Meningitis B Vaccine Approved for Use at UCSB, Will be Administered Later This Month


Julia Frazer
Staff Writer

University of California, Santa Barbara Student Health announced on Friday, Jan. 31, that the FDA has approved the use of the serogroup B meningococcal vaccine for the UCSB community. The vaccine will be administered at no charge starting Monday, Feb. 24.

The CDC recommends the following groups receive the vaccination that protects against meningococcal disease serogroup B: all undergraduates, University Immersion Program students, and a small number of faculty, staff, and graduate students who have certain medical conditions or who live in dormitory-style residence halls.

“The specified groups were recommended by the CDC to receive the vaccine because young adults and people with certain medical conditions are at increased risk of getting meningococcal disease, especially those who live in close quarters, such as dormitory-style residence halls,” Student Health Executive Director Dr. Mary Ferris said in an open letter to students.

The vaccine will be provided free of charge to groups eligible for the vaccine, and there will be a two-week vaccination clinic for the first dose, which will be available at the Multi-Activity Center (MAC) of the RecCen from 12 p.m. to 6 p.m. on Feb. 24 and 10 a.m. to 6 p.m. on Feb. 25 to 28 and March 3 to 7.

The vaccine requires two doses for a more complete protection. The second dose will be available in the spring.

“I believe the vaccine is an important preventative measure, but I am not in any hurry to get vaccinated due to my busy schedule,” said fourth-year psychology major Alex Sicaud.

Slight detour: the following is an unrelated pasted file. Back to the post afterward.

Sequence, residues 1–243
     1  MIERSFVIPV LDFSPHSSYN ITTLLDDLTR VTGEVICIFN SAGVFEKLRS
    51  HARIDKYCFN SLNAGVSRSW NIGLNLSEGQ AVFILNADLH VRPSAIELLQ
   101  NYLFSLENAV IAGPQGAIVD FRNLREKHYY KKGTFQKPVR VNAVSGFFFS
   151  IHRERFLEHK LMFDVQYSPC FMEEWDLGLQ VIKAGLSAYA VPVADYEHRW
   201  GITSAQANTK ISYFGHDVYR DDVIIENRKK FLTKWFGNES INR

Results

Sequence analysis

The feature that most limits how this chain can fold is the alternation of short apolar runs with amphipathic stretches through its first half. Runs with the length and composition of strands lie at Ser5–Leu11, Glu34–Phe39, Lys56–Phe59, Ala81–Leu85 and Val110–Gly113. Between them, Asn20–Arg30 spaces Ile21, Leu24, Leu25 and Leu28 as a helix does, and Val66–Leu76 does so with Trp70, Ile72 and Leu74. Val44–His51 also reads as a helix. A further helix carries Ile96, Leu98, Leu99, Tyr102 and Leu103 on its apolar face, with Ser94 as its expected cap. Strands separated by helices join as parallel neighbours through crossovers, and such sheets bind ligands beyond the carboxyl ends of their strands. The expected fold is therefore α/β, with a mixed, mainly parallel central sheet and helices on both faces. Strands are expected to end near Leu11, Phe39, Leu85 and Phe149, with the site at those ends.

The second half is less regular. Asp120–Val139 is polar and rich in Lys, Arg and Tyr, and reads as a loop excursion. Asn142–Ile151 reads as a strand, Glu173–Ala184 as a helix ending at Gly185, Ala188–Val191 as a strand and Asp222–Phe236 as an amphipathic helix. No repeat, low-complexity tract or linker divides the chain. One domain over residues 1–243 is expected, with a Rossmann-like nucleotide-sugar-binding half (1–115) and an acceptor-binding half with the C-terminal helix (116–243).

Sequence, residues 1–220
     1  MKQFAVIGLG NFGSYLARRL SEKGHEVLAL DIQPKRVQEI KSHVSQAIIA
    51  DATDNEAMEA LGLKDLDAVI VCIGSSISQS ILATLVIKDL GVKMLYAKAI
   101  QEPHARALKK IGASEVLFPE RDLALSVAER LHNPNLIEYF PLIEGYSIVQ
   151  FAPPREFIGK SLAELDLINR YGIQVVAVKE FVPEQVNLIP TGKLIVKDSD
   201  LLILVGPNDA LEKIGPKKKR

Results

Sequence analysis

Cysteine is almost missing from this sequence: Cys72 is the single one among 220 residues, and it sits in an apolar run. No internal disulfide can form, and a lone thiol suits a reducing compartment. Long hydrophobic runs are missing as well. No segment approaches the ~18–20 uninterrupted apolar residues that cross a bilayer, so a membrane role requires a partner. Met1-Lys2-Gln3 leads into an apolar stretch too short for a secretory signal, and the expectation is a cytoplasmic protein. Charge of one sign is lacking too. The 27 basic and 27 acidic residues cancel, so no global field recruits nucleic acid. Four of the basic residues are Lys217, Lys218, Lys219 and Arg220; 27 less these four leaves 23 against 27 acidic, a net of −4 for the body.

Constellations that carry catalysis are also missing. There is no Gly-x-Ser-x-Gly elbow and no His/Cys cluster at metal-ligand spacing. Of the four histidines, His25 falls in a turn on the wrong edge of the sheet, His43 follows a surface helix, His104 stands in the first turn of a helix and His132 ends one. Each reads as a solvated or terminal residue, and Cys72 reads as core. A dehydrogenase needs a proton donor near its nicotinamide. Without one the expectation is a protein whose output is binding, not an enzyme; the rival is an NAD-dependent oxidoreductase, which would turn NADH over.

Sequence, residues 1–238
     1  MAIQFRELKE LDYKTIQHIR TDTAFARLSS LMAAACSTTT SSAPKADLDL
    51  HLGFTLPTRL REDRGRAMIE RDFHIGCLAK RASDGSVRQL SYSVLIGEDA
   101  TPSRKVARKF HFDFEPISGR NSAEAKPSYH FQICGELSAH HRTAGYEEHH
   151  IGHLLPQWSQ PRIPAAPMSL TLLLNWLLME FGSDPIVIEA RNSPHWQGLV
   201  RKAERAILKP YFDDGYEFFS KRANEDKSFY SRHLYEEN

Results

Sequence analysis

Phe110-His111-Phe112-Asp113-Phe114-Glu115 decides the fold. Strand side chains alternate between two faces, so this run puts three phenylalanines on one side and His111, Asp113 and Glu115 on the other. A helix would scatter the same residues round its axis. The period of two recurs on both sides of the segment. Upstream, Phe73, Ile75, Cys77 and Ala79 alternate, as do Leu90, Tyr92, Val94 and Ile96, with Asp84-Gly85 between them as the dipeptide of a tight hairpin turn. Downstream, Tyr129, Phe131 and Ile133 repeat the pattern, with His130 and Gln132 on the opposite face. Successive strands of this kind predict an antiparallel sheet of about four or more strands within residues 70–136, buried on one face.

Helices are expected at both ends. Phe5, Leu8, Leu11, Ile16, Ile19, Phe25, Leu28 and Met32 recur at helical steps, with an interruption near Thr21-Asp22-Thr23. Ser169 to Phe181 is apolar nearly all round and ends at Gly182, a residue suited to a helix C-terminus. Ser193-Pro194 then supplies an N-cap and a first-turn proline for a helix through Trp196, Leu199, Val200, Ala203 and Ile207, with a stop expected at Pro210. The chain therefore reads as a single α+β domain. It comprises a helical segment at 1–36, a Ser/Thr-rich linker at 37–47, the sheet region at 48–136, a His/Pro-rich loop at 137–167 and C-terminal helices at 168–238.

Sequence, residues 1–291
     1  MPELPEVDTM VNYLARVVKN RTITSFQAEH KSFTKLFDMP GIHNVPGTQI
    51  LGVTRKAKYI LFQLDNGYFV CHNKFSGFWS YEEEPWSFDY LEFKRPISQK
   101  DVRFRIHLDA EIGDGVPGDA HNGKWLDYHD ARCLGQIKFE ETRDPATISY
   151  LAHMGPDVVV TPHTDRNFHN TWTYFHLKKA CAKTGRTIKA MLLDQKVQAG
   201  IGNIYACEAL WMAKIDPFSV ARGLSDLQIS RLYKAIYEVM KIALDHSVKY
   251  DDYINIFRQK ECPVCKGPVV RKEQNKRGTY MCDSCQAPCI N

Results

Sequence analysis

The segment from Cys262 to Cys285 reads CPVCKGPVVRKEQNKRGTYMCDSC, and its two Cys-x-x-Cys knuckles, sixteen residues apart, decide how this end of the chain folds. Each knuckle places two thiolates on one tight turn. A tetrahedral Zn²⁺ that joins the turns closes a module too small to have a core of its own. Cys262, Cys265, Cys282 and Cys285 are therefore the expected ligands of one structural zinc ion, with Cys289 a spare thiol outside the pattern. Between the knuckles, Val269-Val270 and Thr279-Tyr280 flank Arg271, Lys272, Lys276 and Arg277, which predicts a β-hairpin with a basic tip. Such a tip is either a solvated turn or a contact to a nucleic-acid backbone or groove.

The Student Health Office recommends that any students who cannot get the vaccine during the two-week clinic make separate arrangements with the Advice Nurses.

The new vaccination protects against meningococcal disease caused by serogroup B bacteria, the strain that caused the four cases just a few months ago. Though UCSB has not experienced further cases of meningitis since November, the CDC recommends the vaccine to help protect the community against meningococcal disease.

“Cases can be separated by several months before they reoccur,” said Ferris in a recent interview.

According to the CDC, the serogroup B meningococcal vaccine has not been approved for use in the United States except for to control a specific outbreak under an Investigational New Drug application. The CDC explains that the vaccination has been approved in the European Union, Canada, and Australia after thorough clinical trials demonstrating the vaccine’s safety and efficacy.

Concerned UCSB parent Leisa Cosentino plans to encourage her daughter to get the vaccine.

“I understand and appreciate that the FDA has a very rigorous testing procedure in place for all of its drugs and vaccines,” said Cosentino, “but feel that the current health issues in play at Princeton and UCSB merit immediate attention.”

UCSB Student Health strongly encourages that all students be vaccinated to stop the outbreak. Students receiving the vaccine should plan to bring their UCSB Access Card and should allot at least 45 minutes to attend the vaccine clinic. This time allotment is on account of forms to complete and sign before receiving the vaccine, wait times, and a 15-minute waiting period after receiving the vaccine for observation purposes.

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